China’s growing presence in Africa has led to arguments that the country is seeking to meet its growing requirements of primary products, including oil, by building a relationship reminiscent of a colonial past with many African countries. In this article, the authors examine what the evidence reveals about this relationship. China_Hinterland (Download the full text in PDF format)

Rejection of EPAs by Africa: Implications for the Developing World Arindam Banerjee

The deadlock between the African countries and the European Union (EU) in the recent Economic Partnership Agreement (EPA) negotiations has much wider implications than just being a failure of the two continents to forge a partnership on economic issues. In the rejection of the EPAs, the African economies have conveyed a clear message that they will increasingly strive for greater South-South cooperation than sign trade agreements with the North at the cost of endangering the livelihoods of their people. Africa_EU_EPA (Download the full text in PDF format)

The Mo Ibrahim Prize: Robbing Peter to pay Paul Issa Shivji

Punishment is to deter; often to take revenge. Reward is to encourage. Rewards can also be a recognition for outstanding, usually, individual achievements. Which acts are liable to punishment and which are rewarded depends on the dominant values of society. These can differ from society to society and from time to time within same society. Issues of democracy and dictatorship, of war and peace, of governance and state administration, do not fall within the realm of a system of punishment and rewards. Of course, victorious powers recognise their war heroes and vanquished bury their martyrs with honour. But then heroes…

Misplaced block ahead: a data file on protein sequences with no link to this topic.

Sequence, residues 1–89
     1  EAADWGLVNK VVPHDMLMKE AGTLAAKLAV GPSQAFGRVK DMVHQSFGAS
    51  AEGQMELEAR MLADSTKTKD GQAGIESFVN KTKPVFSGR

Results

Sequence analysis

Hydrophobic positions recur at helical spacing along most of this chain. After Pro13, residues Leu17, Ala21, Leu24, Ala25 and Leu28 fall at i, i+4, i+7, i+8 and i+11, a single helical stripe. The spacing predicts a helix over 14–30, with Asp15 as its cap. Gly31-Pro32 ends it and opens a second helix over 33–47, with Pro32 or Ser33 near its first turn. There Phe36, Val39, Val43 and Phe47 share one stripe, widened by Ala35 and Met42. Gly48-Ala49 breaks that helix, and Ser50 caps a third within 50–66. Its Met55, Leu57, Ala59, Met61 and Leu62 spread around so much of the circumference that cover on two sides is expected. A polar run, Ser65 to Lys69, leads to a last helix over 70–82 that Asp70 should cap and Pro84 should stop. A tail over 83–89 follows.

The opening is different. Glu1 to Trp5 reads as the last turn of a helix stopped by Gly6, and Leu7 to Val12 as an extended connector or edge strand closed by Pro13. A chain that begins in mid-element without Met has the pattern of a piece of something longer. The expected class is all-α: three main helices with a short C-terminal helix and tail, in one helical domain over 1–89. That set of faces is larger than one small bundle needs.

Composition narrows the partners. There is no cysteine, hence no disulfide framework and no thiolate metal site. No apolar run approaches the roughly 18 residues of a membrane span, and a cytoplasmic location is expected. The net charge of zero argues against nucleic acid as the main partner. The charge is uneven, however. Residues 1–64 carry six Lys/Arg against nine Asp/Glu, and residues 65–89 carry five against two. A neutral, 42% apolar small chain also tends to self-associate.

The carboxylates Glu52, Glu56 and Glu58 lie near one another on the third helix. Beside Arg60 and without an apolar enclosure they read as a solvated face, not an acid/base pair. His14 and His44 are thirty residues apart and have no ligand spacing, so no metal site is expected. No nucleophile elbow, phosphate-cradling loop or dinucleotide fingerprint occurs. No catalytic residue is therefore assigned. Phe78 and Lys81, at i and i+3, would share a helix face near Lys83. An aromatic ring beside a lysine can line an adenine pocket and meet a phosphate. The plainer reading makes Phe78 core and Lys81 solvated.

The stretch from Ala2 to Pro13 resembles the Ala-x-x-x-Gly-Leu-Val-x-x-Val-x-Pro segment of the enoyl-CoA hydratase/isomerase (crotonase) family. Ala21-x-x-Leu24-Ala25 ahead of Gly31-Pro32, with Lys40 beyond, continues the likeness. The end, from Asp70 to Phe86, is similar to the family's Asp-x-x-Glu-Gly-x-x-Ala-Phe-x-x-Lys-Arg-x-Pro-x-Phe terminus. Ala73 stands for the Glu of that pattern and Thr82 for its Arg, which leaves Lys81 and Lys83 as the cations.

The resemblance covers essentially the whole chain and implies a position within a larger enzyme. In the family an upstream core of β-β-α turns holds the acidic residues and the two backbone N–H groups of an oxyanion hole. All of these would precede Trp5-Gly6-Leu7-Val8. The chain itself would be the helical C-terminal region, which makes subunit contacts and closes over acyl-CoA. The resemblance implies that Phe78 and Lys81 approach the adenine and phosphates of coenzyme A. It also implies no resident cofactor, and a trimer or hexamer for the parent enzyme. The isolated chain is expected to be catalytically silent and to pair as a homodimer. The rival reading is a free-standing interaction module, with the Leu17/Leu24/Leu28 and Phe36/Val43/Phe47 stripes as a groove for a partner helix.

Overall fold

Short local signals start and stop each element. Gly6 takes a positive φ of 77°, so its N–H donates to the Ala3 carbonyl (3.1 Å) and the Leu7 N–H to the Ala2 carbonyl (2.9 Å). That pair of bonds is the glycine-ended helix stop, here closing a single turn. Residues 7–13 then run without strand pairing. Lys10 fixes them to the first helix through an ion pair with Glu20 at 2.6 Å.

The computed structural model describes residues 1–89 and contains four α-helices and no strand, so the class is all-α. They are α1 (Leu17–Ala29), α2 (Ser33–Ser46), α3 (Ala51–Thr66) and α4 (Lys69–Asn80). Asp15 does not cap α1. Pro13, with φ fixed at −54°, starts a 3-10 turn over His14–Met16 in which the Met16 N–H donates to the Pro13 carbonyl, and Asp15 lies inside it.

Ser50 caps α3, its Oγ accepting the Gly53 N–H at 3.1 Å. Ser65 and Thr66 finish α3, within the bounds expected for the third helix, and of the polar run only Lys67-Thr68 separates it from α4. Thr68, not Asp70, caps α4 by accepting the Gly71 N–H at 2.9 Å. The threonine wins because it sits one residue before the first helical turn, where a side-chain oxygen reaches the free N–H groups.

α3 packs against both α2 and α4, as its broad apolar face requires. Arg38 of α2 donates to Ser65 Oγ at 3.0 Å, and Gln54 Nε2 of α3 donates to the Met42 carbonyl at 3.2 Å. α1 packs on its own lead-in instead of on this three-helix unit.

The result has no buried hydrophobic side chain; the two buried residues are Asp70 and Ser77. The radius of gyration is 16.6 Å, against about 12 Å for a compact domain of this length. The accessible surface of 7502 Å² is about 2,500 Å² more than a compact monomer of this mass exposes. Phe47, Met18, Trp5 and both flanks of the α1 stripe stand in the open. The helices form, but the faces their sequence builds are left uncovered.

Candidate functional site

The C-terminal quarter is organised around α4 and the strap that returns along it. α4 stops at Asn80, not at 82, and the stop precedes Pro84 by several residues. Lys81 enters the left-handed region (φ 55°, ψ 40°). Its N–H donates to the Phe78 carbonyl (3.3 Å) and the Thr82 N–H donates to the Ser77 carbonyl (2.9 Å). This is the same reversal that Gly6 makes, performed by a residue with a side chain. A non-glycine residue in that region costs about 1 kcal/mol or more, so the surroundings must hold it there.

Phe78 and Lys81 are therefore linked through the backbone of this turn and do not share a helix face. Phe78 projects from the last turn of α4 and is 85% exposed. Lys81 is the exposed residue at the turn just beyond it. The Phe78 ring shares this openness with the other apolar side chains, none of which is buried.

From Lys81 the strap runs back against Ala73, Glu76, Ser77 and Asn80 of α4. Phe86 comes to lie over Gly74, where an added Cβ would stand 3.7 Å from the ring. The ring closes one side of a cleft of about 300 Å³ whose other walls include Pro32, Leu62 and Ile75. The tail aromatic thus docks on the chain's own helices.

Who Does Bear the Costs of Compliance with Sanitary and Phytosanitary Measures in Poor Countries? Mehdi Shafaeddin

Drawing on the available evidence, this paper examines the cost of compliance with Sanitary and Phytosanitary (SPS) measures for poor countries with reference to Africa. It shows that the burden of cost of compliance is entirely on the exporters despite the fact that their capacity for compliance is limited. More specifically, it is shown that the main characteristics of the SPS Agreement and the related measures applied by main importing countries are such that they require a complex, difficult and high cost “SPS” system. poor_countries (Download the full text in PDF format)

Modelling the Impact of Trade Liberalisation: A critique of computable general equilibrium models Lance Taylor and Rudiger von Arnim

Oxfam Research Report, 2006 The paper presents a review and critique of the most widely used trade models based on computable general equilibrium (or CGE) models, explaining the fundamental weaknesses of CGE models, paying particular attention to the way that CGE models conceptualise and measure welfare. The authors also show that the manner in which the World Bank uses CGE modelling is highly problematic as it makes implausible assumptions about elasticities, the exchange rate, and macro causality in a negligent manner, and this is particularly problematic in the context of developing economies. The authors also identify a particular inconsistency inherent…